Capacitance Meter




Capacitors are vital components in electronics, but sometimes they are broken, or the value printed on the cap has become unreadable. Because my multi-meter does not have a capacitance measurement, I decided to make one!

The principle of measuring capacitance is quite simple. The voltage of a capacitor charging through a resistor increases with time T. The time it takes to reach a certain voltage, is related to the values of the resistor and capacitor. In this project, we’ll use a 555 timer circuit as a monostable multivibrator. If that sounds like some dark magic to you, don’t worry, it’s quite straightforward. I’ll refer to the the Wikipedia page for the details, as we’ll focus on the things we really need: the schematic and formula. The time in which the capacitor C charges through the resistor R is given by: T = ln(3) x R x C = 1.1 RC. If we know the value of the resistor and the time, we can calculate the capacitance: C = T / 1.1R.

Capacitance Meter




Now we need a device for measuring the time, and that is where the Arduino comes in. The time is defined by the state of the output pin of the 555 timer (pin 3). It will be HIGH when the capacitor is charging, and LOW when it’s not. This means the output generates a pulse with length T.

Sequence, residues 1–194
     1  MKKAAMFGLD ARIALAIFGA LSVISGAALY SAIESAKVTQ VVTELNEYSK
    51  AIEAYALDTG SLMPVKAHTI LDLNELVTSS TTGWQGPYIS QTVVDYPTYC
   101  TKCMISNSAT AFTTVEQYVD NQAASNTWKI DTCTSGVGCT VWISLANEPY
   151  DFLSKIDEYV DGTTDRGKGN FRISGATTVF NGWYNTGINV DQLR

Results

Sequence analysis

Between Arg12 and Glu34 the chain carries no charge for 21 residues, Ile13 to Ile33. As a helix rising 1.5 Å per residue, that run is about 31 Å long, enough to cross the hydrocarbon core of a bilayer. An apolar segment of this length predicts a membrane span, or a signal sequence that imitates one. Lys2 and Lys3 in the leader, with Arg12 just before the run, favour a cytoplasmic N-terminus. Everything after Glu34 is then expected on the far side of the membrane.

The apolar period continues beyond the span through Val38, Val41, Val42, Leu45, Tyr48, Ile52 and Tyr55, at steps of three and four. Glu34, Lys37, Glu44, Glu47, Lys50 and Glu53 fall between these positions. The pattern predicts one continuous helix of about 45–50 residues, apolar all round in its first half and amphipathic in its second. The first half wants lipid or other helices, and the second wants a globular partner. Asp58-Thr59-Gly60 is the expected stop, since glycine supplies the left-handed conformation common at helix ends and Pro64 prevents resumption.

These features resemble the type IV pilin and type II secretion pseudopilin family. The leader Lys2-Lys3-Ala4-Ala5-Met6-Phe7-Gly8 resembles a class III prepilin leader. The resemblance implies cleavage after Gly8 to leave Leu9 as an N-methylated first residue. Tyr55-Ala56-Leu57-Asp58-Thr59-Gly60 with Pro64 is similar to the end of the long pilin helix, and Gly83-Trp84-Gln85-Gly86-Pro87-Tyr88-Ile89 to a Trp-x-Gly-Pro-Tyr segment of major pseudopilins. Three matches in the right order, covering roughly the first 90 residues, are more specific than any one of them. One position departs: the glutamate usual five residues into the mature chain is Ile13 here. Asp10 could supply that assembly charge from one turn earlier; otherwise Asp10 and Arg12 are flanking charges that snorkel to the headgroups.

The Arduino will be connected to pin 3 and will be detecting the rising and falling edge (transition form 5V to 0V and vice-versa). By using the function micros(), we’ll know how long the pulse is, and we’ll calculate the resistance.

The value of the resistor can be chosen freely. We’ll take 1 MOhm for measuring low capacitance (nF range), and 10kOhm for higher capacitance (uF range). Otherwise, measurements in the uF range would take ages.

Finally, the value of the capacitor should be displayed on a screen; I chose a 4-digit 7 segment display. Those displays need a lot of inputs, so we’ll multiplex them to resolve this issue. Basically: we’ll drive the displays one by one, but so fast that the human eye cannot notice. We’ll also use a shift register to further decrease the number of Arduino pins we need. The shift register will read the data from the Arduino over 2 wires, and then drive the display through 8 wires. This is well explained here: http://www.instructables.com/id/Multiplexing-with-Arduino-and-the-74HC595/ .

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